KUALA LUMPUR, March 15 — Former Inspector-General of Police Tan Sri Abdul Rahim Mohd Noor denied that the sacking of Datuk Seri Anwar Ibrahim as the deputy prime minister in 1998 was due to police interference, as alleged by former prime minister Tun Dr Mahathir Mohamad.
In an Utusan Malaysia report today, Abdul Rahim called Dr Mahathir’s statement “baffling” as the police have no legal power to sack a politician.
“I don’t know why he said that and what he was thinking. Police do not have any legal power to dismiss anyone,” he told Utusan Malaysia.
Abdul Rahim was referring to a March 12 Sin Chew Daily report in which Dr Mahathir said police had prompted him to sack and arrest Anwar for corrupt practices and sodomy.
In the interview with the Chinese daily, Dr Mahathir was quoted as saying he “had no choice” but to take action against Anwar after police presented all the evidence to him.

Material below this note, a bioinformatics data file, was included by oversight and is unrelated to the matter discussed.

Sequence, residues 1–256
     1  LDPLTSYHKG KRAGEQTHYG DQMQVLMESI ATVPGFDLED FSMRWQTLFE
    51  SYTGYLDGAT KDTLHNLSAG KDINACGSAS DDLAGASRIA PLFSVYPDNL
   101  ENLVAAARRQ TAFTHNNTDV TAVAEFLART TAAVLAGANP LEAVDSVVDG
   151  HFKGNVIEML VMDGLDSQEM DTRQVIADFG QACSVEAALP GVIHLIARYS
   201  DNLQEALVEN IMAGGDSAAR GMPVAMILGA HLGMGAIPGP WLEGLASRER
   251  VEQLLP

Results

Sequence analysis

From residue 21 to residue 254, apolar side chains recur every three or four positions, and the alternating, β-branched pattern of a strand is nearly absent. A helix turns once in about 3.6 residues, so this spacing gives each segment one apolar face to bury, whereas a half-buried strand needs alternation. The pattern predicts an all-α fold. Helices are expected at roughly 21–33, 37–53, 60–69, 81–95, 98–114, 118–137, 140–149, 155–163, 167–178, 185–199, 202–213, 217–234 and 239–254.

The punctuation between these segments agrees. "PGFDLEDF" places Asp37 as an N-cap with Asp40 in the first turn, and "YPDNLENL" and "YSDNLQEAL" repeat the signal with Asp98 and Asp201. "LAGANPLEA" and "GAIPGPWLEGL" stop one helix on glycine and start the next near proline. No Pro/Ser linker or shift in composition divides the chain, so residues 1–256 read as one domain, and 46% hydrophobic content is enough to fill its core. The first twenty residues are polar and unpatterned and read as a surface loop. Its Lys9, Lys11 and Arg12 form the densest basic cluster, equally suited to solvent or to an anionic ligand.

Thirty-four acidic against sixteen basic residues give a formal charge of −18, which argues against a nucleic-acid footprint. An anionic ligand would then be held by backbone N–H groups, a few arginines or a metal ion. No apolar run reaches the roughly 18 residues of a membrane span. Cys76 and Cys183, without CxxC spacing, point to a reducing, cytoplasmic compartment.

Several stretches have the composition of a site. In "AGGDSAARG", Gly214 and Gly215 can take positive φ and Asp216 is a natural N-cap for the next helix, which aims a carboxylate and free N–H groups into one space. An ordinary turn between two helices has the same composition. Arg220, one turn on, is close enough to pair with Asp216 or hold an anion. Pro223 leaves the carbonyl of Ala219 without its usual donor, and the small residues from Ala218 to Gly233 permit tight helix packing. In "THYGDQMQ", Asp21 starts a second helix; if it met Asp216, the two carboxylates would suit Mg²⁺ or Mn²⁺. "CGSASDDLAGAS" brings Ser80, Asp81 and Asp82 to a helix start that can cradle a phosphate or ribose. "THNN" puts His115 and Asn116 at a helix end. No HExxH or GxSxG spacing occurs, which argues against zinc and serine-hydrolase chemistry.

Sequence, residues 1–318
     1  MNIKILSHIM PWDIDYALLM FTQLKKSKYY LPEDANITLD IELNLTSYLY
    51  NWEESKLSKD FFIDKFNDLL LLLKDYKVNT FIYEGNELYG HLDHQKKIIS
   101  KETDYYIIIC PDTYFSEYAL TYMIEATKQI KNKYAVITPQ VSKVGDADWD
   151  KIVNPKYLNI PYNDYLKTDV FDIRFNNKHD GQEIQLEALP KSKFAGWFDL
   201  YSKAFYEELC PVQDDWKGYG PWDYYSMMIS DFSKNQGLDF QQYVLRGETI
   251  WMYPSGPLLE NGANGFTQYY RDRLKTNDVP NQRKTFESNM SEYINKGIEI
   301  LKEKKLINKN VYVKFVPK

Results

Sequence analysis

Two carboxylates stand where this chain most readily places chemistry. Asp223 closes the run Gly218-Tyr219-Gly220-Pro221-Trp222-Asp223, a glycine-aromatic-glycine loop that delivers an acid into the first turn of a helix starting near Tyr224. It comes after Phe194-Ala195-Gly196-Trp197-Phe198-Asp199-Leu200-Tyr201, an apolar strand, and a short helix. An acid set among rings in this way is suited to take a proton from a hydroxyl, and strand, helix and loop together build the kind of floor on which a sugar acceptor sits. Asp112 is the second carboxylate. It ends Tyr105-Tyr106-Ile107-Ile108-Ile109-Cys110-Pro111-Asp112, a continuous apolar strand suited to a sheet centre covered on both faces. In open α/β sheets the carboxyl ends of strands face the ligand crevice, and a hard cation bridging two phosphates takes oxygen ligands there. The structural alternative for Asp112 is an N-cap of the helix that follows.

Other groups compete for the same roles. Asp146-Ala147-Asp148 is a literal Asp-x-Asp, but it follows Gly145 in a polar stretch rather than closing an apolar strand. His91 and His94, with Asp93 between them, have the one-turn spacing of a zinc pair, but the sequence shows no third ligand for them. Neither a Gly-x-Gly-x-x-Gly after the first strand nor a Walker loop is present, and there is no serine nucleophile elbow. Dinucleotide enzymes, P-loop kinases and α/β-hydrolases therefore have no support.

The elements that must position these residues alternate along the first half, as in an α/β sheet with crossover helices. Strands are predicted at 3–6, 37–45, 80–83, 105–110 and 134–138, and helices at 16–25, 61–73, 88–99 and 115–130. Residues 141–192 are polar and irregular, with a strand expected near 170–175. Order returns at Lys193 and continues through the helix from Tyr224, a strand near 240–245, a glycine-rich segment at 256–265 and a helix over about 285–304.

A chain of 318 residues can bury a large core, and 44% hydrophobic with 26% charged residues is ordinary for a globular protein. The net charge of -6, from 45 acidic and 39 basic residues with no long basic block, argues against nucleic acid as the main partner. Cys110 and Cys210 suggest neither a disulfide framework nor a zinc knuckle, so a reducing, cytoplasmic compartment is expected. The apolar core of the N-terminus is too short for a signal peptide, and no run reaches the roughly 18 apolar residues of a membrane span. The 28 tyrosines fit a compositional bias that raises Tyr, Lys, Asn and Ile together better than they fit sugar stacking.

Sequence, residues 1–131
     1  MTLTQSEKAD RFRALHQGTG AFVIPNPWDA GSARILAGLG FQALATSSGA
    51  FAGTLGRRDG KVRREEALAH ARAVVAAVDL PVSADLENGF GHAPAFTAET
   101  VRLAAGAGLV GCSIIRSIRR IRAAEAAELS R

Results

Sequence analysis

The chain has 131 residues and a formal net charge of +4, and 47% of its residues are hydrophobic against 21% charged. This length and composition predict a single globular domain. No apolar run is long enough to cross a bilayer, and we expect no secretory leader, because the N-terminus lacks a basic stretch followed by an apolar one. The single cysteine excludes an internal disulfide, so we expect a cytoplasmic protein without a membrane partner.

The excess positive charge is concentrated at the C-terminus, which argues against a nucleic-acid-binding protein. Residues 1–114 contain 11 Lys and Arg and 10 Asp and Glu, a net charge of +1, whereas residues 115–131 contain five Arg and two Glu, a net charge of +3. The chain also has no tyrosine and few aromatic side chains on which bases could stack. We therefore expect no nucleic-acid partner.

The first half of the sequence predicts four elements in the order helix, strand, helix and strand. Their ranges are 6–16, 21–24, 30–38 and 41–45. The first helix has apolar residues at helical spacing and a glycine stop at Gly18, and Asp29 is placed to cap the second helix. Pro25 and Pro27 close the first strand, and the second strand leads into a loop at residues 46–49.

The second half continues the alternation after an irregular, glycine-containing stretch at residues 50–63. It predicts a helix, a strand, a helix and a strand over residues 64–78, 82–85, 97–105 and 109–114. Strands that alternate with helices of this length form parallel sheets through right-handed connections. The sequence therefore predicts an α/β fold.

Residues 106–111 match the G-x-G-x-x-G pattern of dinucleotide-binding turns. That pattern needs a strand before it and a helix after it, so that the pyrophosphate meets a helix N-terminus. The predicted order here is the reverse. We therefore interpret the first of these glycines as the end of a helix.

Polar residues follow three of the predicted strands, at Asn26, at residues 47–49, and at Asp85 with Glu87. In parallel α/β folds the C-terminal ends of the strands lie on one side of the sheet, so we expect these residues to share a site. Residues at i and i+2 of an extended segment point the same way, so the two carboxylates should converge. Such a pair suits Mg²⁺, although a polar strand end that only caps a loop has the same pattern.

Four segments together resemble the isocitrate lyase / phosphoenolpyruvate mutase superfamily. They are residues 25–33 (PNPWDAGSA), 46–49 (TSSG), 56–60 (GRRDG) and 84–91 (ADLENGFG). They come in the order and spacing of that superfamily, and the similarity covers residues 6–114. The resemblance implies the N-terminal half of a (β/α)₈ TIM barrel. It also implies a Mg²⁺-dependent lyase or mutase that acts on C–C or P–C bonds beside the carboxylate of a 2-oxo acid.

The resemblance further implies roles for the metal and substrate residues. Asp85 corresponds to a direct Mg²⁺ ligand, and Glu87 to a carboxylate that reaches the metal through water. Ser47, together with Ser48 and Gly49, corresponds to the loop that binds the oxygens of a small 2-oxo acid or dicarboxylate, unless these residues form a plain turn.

Abdul Rahim said the removal of a deputy prime minister from office was a complicated process that requires justification from the prime minister and the Yang di-Pertuan Agong’s consent.
“The appointment and dismissal of a deputy prime minister is not like plucking coconuts; it was all proposed by the prime minister at that time.
“The police are only a government department whose powers are subject to the Police Force Commission as stipulated in the Federal Constitution which outlines the duties of the police,” he reportedly said.
Abdul Rahim previously made headlines in 1998 for giving Anwar a black eye when he was in detention at the Bukit Aman headquarters, but issued an apology seven years later.
In return for the apology and an unspecified sum, Anwar dropped a lawsuit against Abdul Rahim alleging he had attacked and assaulted him on the night of September 20, 1998.